Among the few benefits from the recent ill-considered Gulf fiasco was Defense Secretary William Perry's reminder - two decades after the Organization of Petroleum Exporting Countries' price shocks of the '70s - that we remain critically dependent on Gulf oil. Reagan Energy Secretary Donald Hodel warned 10 years ago that "We are sleep walking into a disaster."
Yet despite the certain knowledge that this massive strategic liability will again take a toll in American blood and treasure, partisan squabbling in Congress and the administration's election focus have brought cuts in alternative energy programs that should, instead, be sharply increased.
Two-thirds of the world's known oil reserves are in the Middle East and subject to the Byzantine politics of that region. The federal Energy Information Administration projects that within 10 years the US will be spending $100 billion to import nearly 60 percent of the oil we need - a number that will not only fuel the area's tensions but play havoc with our trade deficit.
Los Alamos National Labs reports that total annual oil revenues to the Gulf nations will triple to $250 billion in 2010, delivering overall $1.5 trillion to the region (between now and then) with accompanying shifts in purchasing power for weapons and technology - and leaving Saudi Arabia particularly vulnerable to internal and regional pressures.
Moreover, the dollar cost of dependence is steep. Former Navy Secretary John Lehman points out that when one adds the $40 billion annual cost of our regional military presence to today's $20-23 per barrel cost of crude, the cost skyrockets to about $100 a barrel. And finally, consider Sen. Sam Nunn's summation of the policy conundrum at recent Senate Armed Services hearings: "Our security policy is basically to prevent the flow of oil from certain regimes (Iraq and Iran) and the energy policy is to let the oil flow... The paradox is that to secure the free flow of oil from the Mideast, we have taken steps to limit the flow of oil from that region."
For the moment, suppliers - in a loose Faustian bargain - have made oil available at less cost than the alternatives. This has required decisionmakers to venture into the treacherous realm of supporting costly research and development efforts while oil seems (though isn't) cheap - and while the lietmotif of the day's politics is spending reduction.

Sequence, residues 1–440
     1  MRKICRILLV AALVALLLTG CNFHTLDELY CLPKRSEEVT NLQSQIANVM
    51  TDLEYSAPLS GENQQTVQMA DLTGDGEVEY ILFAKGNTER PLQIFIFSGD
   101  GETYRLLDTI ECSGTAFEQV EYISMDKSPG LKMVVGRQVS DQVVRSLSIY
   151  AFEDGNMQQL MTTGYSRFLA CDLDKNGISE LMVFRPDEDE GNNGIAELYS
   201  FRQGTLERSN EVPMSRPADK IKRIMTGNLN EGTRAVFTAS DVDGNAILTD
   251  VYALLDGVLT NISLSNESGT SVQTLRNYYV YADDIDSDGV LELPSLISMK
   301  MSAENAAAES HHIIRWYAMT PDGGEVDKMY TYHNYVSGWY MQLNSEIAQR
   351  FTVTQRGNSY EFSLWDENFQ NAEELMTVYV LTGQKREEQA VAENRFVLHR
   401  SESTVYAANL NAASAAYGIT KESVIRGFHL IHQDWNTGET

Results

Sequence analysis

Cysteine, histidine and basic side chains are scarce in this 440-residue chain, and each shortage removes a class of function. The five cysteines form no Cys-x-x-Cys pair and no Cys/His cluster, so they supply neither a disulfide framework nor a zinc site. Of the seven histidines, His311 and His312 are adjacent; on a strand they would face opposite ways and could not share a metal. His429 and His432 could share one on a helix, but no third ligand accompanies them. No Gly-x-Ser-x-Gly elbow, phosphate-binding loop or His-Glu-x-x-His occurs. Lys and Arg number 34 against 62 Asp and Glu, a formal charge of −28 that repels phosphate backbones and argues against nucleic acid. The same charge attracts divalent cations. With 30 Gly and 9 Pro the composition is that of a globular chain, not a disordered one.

Yet like the Strategic Defense Initiative, the Apollo program, and the interstate highway system, this challenge can only be met by an exception to the market-based solutions we prefer. Strong federal support for the development of renewable energy resources is critical because research and development costs are high and payoff is often further down the road than makes commercial sense. We understood that in 1973, increasing funding in this area from virtually nothing to $700 million in 1981, and we benefited from a decade of important but low-profile progress. Clean-coal technologies and solar programs have made dramatic advances.
In the transportation sector, hydrogen-based fuel cells, first developed by NASA in the '60s, have improved to the point where they will soon be commercially viable. A joint government-industry effort will produce a "clean car" by 2004 that will be three times more fuel efficient than today's, while maintaining size, performance, and safety.
But these advances are not possible without a strong federal financial commitment, and they are unlikely if proposed congressional cuts go forward and the administration remains unwilling or unable to provide a strategic rational for the expenditures.
In that case, technologies developed in the US could well stimulate hundreds of thousands of jobs in alternative energy areas abroad, while we import products conceived and developed by US scientists.
More broadly, the problem is anchored by two powerful trends.
First, by 2020 the world's population is expected to increase by 50 percent with well over half of these new inhabitants born in Latin America and Asia. Migration to the cities and the mechanics of urbanization - commuting, construction, and powering new buildings - will all demand huge amounts of energy. A doubling of China's and India's urban populations alone could increase per capita energy consumption in those countries by 45 percent
Second, the Persian Gulf, with 65 percent of the world's oil reserves, is expected to supply up to 80 percent of the oil for the increased demand. This leaves us at risk to sudden oil price increases which have, since 1970, always been followed by recession.
What to do? Move to expand sources of oil outside the region in Mexico, Norway, England, and Russia. But, more immediately, accelerate the development of energy alternatives using the full force of the federal government. This is not to suggest throwing billions at the problem. But it does require a serious bipartisan commitment in Congress and a decision by President Clinton, who has virtually ignored the problem, to reduce this national liability by promoting promising new technologies - from solar to coal to hydrogen - that can cut our reliance on Gulf oil.
*Stefan Halper is host of NET Television's "World Wise" and a former White House and State Department official.